Britain: Leaders must broker climate deal in person

British PM Gordon Brown

October 20, 2009, Tuesday/ 16:53:00
World leaders must intervene to rescue flagging climate talks by brokering in person a deal to combat global warming in Copenhagen in December, British Prime Minister Gordon Brown said yesterday.

Brown is one of the few leaders of the major economies who has announced plans to go to the UN-led Dec. 7-18 conference, which is supposed agree curbs on greenhouse gas emissions and how to help poor countries cope with climate change.

"Success at Copenhagen is still within reach. But if we falter, the earth itself will be at risk," Brown told representatives of 17 of the world's main polluting nations, gathered in London. Environment ministers aim to sign a global pact to extend or replace the existing Kyoto Protocol. But talks preparing for Copenhagen are bogged down in complex drafts and mutual suspicion between industrialized and developing nations.

"Over the remaining weeks to Copenhagen and in the two weeks of the conference itself I will work tirelessly with fellow leaders to negotiate a deal," said Brown. "I've said I'll go to Copenhagen, and I'm encouraging them to make the same commitment." The London meeting is the latest in a US-instigated major economies forum (MEF) series meant to bolster momentum in the UN process. Many analysts and politicians doubt the world can agree a deal in December, arguing for example that domestic US legislation won't be in place in time to form a firm US offer.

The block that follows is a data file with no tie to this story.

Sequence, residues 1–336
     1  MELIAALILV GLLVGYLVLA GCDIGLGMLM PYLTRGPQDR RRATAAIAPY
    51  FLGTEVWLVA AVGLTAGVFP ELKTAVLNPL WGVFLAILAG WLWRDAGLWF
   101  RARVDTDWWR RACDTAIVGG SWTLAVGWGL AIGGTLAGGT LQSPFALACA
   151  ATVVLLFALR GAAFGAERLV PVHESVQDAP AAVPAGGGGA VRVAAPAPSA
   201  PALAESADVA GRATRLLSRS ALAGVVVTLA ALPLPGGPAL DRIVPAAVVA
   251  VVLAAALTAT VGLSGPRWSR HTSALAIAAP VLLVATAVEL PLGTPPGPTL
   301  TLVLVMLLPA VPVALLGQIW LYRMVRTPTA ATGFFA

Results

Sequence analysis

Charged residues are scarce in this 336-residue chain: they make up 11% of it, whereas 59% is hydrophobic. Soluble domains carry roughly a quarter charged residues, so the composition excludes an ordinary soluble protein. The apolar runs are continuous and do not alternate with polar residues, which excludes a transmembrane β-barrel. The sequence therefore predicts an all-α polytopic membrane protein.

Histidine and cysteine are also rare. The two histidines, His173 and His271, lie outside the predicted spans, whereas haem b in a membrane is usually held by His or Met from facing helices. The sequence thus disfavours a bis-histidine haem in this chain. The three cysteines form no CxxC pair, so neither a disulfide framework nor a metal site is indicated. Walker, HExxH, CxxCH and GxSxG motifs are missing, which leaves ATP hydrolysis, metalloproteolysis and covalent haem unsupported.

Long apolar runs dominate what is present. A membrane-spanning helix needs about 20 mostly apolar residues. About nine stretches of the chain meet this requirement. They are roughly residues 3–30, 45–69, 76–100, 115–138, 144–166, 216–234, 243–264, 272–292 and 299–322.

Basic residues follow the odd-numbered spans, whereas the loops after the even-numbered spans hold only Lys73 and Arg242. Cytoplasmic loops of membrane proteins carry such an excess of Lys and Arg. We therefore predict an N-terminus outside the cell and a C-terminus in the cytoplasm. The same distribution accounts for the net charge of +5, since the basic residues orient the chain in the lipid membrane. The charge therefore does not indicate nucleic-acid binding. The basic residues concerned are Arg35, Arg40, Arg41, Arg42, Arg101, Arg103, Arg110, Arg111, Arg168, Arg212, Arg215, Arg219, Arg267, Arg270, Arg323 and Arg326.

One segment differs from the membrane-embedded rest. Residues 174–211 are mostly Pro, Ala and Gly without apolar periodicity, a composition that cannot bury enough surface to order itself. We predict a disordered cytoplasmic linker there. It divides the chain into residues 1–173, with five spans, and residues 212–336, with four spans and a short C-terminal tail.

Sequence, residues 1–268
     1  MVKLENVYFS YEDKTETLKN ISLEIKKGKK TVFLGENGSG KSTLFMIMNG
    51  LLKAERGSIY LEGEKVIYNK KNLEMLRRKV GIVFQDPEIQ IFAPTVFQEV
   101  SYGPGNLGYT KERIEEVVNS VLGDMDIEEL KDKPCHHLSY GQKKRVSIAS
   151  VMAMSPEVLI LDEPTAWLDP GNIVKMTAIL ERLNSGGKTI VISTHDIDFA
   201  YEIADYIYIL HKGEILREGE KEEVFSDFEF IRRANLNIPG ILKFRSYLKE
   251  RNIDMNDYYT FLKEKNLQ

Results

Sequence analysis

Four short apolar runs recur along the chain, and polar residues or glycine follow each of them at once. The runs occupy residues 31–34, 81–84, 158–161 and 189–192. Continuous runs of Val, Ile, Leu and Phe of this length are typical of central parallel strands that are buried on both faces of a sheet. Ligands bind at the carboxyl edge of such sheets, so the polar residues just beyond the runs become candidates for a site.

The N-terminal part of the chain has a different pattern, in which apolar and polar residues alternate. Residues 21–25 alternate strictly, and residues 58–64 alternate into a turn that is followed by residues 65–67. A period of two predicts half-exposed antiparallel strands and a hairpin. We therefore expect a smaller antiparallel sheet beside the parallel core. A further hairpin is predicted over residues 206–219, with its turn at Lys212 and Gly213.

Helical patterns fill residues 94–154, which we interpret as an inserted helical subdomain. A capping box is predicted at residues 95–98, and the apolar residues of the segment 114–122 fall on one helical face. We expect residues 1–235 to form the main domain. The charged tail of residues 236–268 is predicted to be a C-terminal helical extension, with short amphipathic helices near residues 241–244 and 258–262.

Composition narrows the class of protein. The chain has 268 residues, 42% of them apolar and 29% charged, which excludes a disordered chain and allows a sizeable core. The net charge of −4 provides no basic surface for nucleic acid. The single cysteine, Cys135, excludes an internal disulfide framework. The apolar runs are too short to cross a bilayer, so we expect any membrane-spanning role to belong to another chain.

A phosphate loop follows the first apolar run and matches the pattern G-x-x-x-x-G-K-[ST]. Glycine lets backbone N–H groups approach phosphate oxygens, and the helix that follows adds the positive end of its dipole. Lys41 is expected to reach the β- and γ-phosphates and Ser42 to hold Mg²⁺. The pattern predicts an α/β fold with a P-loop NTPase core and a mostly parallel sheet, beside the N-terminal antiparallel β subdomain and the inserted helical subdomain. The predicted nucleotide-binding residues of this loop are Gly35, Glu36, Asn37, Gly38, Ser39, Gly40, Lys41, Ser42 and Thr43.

The two-year UN talks launched in Bali, Indonesia in 2007 are particularly stuck on how big carbon cuts rich nations should make by 2020, and how much they should pay developing countries to prepare for and slow global warming. "Leaders must engage directly to break the impasse," said Brown. "I believe agreement at Copenhagen is possible. But we must frankly face the plain fact that our negotiators are not getting to agreement quickly enough."

The London talks focused on how to turn a patchwork of national policy plans into an international deal, as well as on climate finance and technology cooperation, Todd Stern, Washington's top climate envoy, said on Sunday.  Stern could not confirm that the United States itself would bring either a concrete emissions reduction target or a funding offer to Copenhagen.

Scientists have issued increasingly stark warnings of the possible climate threats facing the planet, for example from melting Arctic ice sheets which could stoke further warming. "An agreement can, must put the world on a trajectory to a maximum average temperature increase of 2 degrees," said Brown.

At the most significant MEF meeting in July leaders of the most polluting nations acknowledged the scientific view that 2 degrees Celsius was a safety limit. The world warmed 0.74 degrees last century alone, according to the UN climate panel.

Unsure progress